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Page:Popular Science Monthly Volume 86.djvu/278

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THE Pacific coast states represent a future empire. Nature has marked them off by natural barriers and by climate more distinctly than any other division of the United States. This fact so impressed the distinguished author of the “American Commonwealth” that he speculated upon the development of a Pacific coast type of the human race and pointed out that this region might quite naturally have been the home of a separate nation. Oregon, Washington and California are equivalent in area to France and the British Isles. Their population, however, is only four and a half million, while the population of France and the British Isles is eighty-five million. It can not safely be predicted that these far western states will ultimately hold so dense a population as these European nations; yet, undoubtedly, the future will see an immense population dwelling in these new states. The opening of the Panama Canal has most dramatically forced this fact on the attention of present inhabitants of the Pacific Coast.

Here, then, an empire is being built. To the student of science it suggests several questions. How can a state be scientifically built? What principles do the researches of political science yield? Should state-makers use the experimental method? Will a democracy, in which the common people rule, be sufficiently far-sighted and capable to utilize scientific principles in building their future state? These questions arise when one studies the experiences of the Pacific coast states in state-making. It is the purpose of this paper to present the beginings of empire-building in Washington, Oregon and California as seen through their treatment of social problems. Before such a presentation is made, the viewpoints suggested by these questions need some elaboration.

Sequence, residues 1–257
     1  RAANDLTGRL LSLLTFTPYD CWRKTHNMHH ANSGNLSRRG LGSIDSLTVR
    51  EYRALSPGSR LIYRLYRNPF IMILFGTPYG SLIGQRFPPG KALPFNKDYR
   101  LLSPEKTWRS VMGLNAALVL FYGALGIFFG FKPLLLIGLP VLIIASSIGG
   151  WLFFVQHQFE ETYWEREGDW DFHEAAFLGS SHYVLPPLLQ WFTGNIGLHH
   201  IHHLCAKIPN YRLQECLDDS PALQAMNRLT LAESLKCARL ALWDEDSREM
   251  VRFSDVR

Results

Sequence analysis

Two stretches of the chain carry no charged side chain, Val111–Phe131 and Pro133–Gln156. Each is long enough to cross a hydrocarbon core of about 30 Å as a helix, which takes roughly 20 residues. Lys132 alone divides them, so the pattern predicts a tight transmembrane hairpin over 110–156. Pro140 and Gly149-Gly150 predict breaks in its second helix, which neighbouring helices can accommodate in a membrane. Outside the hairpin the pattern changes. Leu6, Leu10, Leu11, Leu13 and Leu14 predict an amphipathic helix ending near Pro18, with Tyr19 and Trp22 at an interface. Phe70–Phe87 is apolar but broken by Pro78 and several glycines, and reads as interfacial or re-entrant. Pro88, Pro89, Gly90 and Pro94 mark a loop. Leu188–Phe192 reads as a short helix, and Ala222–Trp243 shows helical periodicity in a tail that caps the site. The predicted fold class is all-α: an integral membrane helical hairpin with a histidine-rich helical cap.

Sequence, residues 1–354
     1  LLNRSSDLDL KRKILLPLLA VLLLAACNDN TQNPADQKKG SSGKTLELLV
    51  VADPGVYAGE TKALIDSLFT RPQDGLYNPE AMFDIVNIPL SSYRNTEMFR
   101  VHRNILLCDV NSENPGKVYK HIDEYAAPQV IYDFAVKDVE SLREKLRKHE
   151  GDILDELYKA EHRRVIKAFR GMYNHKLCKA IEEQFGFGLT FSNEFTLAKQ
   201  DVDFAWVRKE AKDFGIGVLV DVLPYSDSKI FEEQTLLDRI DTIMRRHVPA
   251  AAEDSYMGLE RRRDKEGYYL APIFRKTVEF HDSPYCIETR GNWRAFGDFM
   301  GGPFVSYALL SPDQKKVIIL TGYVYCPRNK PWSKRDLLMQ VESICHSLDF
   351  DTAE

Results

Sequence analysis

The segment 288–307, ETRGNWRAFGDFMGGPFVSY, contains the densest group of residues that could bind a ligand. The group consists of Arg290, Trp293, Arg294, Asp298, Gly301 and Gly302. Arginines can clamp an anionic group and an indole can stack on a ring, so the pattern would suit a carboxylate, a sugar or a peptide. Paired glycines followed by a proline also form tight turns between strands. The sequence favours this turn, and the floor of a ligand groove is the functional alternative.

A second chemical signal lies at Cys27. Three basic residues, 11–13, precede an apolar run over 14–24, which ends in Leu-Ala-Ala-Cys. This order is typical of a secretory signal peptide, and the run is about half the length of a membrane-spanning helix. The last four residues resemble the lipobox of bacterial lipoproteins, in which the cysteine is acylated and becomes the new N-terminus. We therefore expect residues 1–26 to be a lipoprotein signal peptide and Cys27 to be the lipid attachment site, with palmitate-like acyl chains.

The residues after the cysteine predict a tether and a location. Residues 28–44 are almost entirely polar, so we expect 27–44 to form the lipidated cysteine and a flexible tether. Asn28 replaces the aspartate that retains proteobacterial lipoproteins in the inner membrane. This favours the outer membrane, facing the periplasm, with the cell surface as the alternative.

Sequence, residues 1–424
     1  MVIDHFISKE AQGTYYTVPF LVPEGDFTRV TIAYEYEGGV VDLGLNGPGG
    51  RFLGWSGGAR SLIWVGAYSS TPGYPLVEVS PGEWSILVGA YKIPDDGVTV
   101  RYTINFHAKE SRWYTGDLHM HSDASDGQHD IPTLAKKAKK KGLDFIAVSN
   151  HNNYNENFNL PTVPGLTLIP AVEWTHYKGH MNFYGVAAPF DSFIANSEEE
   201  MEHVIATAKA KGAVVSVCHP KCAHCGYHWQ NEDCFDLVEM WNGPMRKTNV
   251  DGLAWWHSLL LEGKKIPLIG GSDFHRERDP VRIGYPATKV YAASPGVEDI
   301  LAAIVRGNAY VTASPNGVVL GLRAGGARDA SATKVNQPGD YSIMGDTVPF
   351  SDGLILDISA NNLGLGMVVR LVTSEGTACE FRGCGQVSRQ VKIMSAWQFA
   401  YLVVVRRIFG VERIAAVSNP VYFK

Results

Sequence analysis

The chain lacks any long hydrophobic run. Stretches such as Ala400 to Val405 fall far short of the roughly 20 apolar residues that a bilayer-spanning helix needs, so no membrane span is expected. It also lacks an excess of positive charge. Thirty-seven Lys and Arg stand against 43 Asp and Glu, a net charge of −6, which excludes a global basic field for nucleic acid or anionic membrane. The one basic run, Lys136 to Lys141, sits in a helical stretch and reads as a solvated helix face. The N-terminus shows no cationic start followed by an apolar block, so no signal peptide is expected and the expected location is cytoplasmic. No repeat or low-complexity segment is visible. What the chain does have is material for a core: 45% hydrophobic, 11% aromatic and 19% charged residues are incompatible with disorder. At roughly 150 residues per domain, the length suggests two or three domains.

The first question is: How does political science say a state should be scientifically built? Can a state be built as scientifically as an engineer spans the East River with a suspension bridge? Political science is not as exact a science as engineering, yet it has developed sufficiently to speak definitely about the making of states. The contributions of this science to state-craft may be referred to as the theory of the state.

At the time of the declaration of independence by the American colonies, the theory of the state held that the government which governed least governed best. Organized government as then known in Europe had been achieved primarily by the strong man, as typified by